Tuesday, April 18, 2017

TOP STORY >> Appeals filed for Lee and Williams

Leader executive editor

Pulaski County Circuit Court Judge Herbert Wright denied a motion for new DNA testing for a death row inmate awaiting execution for the murder of a Jacksonville woman in 1993.

Ledell Lee, 51, formerly of Jacksonville, who made an appearance in Wright’s court Tuesday, is scheduled to be executed by lethal injection at 7 p.m. Thursday.

His lawyers say Lee was wrongly convicted with inconclusive DNA evidence and did not have proper legal representation in the beating death of Debra Reese, 26, who was struck 36 times with a tire tool in her home in the Sunnyside Addition.

Marcel Wayne Williams, 46, was denied a hearing Tuesday to stop his execution. He was convicted in 1994 of kidnapping a woman in Jacksonville and later killing her in Little Rock.

Williams’ attorneys had filed a brief in his behalf, saying he is diabetic, overweight and has sleep apnea. “This condition poses particular risks with the administration of the lethal-injection protocol,” his attorneys said Tuesday. “Mr. Williams will either suffer brain damage from a sub-lethal execution attempt or will die by suffocation. This is a risk that was previously unknown to Mr. Williams.”

Gov. Asa Hutchinson set execution dates by lethal injection for eight men in the latter half of April. That number has dropped to five as the death row inmates convince appeals court to stay their executions, the first for Arkansas in more than a decade.

District and federal courts have challenged the mass executions as cruel and unusual punishment, and even the drug manufacturers claim they were acquired under false pretenses and should not be used in executions.

The state Supreme Court earlier halted the executions of two men considered mentally challenged — Don Davis and Bruce Ward — but several others may proceed after Monday’s ruling by the Eighth U.S. Court of Appeals finding the other executions did not violate the killers’ constitutional rights against cruel and unusual punishment.

Hutchinson wanted to carry out the executions before the end of the month, when the lethal drugs are would expire.

Lee’s 1994 trial resulted in mistrial when it was discovered that a relative of his was on the jury. In 1995, the jury deliberated two hours before agreeing to the death sentence.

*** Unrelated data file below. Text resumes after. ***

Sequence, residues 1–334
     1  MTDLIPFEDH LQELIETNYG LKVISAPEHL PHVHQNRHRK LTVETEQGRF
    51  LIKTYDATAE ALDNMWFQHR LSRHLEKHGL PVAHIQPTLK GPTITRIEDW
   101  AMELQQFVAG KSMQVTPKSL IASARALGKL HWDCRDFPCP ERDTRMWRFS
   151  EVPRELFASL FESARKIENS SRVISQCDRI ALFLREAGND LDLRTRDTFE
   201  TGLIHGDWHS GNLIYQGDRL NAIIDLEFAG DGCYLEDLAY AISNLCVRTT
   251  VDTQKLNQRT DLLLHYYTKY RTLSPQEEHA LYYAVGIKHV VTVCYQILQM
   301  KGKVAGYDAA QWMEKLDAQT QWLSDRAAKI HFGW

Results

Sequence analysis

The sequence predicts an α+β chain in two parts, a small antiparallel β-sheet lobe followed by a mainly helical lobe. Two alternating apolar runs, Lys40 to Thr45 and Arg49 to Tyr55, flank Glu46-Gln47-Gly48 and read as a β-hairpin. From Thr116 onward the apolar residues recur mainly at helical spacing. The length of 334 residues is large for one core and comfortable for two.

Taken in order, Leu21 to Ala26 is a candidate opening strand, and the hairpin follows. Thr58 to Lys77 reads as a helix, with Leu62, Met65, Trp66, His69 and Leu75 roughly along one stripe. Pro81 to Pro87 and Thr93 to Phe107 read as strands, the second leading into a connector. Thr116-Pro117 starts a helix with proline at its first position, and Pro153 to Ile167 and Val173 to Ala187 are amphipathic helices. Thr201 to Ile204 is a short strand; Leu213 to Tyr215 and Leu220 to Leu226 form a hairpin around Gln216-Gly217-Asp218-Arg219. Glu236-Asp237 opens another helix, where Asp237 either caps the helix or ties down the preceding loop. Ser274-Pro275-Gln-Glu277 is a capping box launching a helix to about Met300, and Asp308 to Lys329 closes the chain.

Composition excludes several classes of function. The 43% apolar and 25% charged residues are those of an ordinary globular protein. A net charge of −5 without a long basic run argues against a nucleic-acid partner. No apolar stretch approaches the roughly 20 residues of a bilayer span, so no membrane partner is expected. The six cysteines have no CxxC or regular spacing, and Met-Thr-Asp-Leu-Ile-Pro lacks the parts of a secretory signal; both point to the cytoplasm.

Reese was killed with a tire tool her husband had given her for her protection while he was driving a truck out of town.

Lee, who had just been paroled after serving time for burglary, was arrested an hour after the murder when witnesses reported seeing him walking down the street. Lee, who went on a crime spree in the late 1980s and early 1990s, was also convicted of raping two Jacksonville women and was tried for the murder of Christine Lewis, the daughter of the late Alderman Robert Lewis.

Lee was also suspected of killing a Jacksonville prostitute and dumping her body in a shed near the railroad tracks.

Lewis, 22, was abducted from her Sunnyside home in November 1989 as her 3-year-old child watched.

She was raped and strangled and her body dumped in the closet of an abandoned home.

The jury could not agree on a verdict in that trial, but prosecutors decided not to retry him when he received the death sentence in the Reese case and was convicted for raping two women. DNA evidence tied Lee to the murders and rapes.

The ACLU disputes that in its appeal.

Williams was found guilty in the capital murder, kidnapping, rape and aggravated robbery of Stacey Errickson, 22, who was married to an airman at Little Rock Air Force Base.

The victim had stopped at the Jacksonville Shellstop for gas around 6:45 a.m. on Nov. 20, 1994.

Williams approached Errickson’s vehicle, pulled a gun and had her move from the driver’s seat to the passenger’s side.

He drove the vehicle away from the gas station, taking the victim to several ATMs, where she withdrew $360 in 18 transactions that were recorded on security cameras.

The last transaction was made at 7:37 p.m. Her body was found in a shallow grave on Dec. 5 in North Little Rock.

Errickson died from strangulation. Her neck and face were deeply bruised, and her hands were tied behind her back. Williams was tried in Pulaski County Circuit Court, and appealed the convictions to the Arkansas Supreme Court, which affirmed the jury’s death sentence in 1999.